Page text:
The total current ("gpm" or more properly electrical current measured in Amps) that will flow through a conductor is halved if the pressure (volts) is doubled. Twice the power or energy can be delivered on a # 12 conductor by doubling the voltage and holding the current to 20 amps. Doubling voltage and also doubling the amperage will deliver four times the power or energy.
In either case, if we exceed the current rating of an electrical wire, it will get hot, risking a fire. That's why we use fuse devices (or modern circuit breakers), to limit the current flow on electrical conductors to a safe level to avoid overheating and fires. - thanks to Louis Babin for technical review and edits to this text.
Is "240V" really exactly 240 Volts?: Don't expect a "240V" circuit to provide that exact voltage level. We've already said that "120V" and "240V" are "nominal" ratings, meaning that the actual numbers may vary. In a three phase circuit, even if you are using only two phases, the voltage between the phases is 1.732 x 120 = 207.6, or approximately 207 Volts and not 240 Volts. In various countries the actual voltage level varies around the nominal delivered "voltage rating" and in fact depending on the quality of electrical power delivered on a particular service, voltage will also vary continuously around its actual rating.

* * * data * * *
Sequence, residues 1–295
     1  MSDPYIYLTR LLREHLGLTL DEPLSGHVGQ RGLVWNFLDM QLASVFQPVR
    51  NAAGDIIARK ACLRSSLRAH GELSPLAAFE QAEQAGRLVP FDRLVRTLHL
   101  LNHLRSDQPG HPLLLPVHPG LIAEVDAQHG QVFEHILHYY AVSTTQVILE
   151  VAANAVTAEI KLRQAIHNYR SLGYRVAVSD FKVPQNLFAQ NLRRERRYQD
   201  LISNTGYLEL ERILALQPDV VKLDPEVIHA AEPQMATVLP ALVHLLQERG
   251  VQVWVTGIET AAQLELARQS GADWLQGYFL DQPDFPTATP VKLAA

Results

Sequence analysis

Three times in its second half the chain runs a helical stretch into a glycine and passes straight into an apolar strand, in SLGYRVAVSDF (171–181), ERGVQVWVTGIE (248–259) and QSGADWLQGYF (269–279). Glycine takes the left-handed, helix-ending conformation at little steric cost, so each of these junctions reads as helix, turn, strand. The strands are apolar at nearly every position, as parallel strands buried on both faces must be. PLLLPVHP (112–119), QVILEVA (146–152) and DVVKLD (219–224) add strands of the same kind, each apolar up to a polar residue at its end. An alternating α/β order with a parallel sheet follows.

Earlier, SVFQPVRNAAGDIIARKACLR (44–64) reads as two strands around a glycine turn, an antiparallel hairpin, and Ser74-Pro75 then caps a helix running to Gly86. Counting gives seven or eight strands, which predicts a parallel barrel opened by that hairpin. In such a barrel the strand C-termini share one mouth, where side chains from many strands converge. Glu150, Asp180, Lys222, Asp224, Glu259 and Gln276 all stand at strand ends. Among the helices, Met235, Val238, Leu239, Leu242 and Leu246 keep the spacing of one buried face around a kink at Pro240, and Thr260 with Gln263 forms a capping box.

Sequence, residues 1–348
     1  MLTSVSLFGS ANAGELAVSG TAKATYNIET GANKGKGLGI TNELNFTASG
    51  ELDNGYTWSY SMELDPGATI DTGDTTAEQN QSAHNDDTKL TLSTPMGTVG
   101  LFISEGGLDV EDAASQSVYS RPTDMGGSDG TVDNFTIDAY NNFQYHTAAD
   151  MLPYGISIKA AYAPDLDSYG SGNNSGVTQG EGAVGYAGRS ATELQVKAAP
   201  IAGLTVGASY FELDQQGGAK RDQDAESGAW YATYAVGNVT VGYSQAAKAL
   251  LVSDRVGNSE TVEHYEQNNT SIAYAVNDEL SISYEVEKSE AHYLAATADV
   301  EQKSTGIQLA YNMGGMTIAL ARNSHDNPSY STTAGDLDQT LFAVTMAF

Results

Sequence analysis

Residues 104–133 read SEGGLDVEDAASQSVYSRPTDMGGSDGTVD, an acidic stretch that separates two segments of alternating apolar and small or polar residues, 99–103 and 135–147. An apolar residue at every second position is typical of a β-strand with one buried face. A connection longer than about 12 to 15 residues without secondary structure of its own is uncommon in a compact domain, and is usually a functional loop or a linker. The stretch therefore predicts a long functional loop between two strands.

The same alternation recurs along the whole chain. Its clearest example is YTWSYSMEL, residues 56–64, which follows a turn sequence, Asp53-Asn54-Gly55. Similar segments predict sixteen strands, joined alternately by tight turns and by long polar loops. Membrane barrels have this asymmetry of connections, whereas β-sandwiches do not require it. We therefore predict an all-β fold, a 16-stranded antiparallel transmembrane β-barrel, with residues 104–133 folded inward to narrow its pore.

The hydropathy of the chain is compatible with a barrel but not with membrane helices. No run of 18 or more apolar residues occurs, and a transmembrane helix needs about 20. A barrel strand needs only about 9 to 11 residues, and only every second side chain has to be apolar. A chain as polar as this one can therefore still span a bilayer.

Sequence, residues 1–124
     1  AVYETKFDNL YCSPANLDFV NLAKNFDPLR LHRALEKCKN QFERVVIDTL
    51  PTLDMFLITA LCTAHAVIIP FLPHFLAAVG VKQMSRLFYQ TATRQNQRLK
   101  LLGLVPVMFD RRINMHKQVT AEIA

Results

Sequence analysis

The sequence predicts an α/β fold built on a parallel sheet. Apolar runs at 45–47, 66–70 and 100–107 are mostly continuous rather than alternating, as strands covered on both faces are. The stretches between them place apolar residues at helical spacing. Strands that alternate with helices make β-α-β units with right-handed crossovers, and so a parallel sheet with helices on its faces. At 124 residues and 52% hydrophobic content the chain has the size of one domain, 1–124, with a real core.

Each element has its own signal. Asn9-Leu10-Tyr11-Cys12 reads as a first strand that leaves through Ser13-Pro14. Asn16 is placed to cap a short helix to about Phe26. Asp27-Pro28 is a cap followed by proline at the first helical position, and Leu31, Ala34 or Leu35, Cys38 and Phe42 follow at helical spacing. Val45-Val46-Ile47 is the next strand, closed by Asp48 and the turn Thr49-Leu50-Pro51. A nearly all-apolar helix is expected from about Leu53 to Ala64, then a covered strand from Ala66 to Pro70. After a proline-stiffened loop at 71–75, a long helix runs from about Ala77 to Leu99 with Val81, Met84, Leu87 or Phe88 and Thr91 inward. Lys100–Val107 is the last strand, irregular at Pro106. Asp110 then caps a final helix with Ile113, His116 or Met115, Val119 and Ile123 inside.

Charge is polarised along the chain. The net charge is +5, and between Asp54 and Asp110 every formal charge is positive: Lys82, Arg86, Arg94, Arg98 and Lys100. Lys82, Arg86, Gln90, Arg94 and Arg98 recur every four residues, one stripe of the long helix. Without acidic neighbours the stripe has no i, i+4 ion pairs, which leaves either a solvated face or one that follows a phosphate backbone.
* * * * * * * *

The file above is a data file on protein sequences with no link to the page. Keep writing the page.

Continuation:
Most (but not all) modern electrical equipment can handle small voltage variations and differences without a problem. Sensitive electronic equipment may require that a voltage stabilizer be installed. For example a "240V" appliance can usually handle "208V" just fine.
The technical detail of how "240V" (or 207V if you prefer) is actually delivered to a building may be a bit confusing, so let's follow this carefully. In fact 240V delivered to a building does not mean that the individual service drop wires are carrying that voltage. Rather, 240V in the building is obtained as follows: the two "hot legs" are on different electrical phases provided by a step-down transformer at a neighborhood utility pole or box. Each service conductor on its own phase delivers 120V to the building.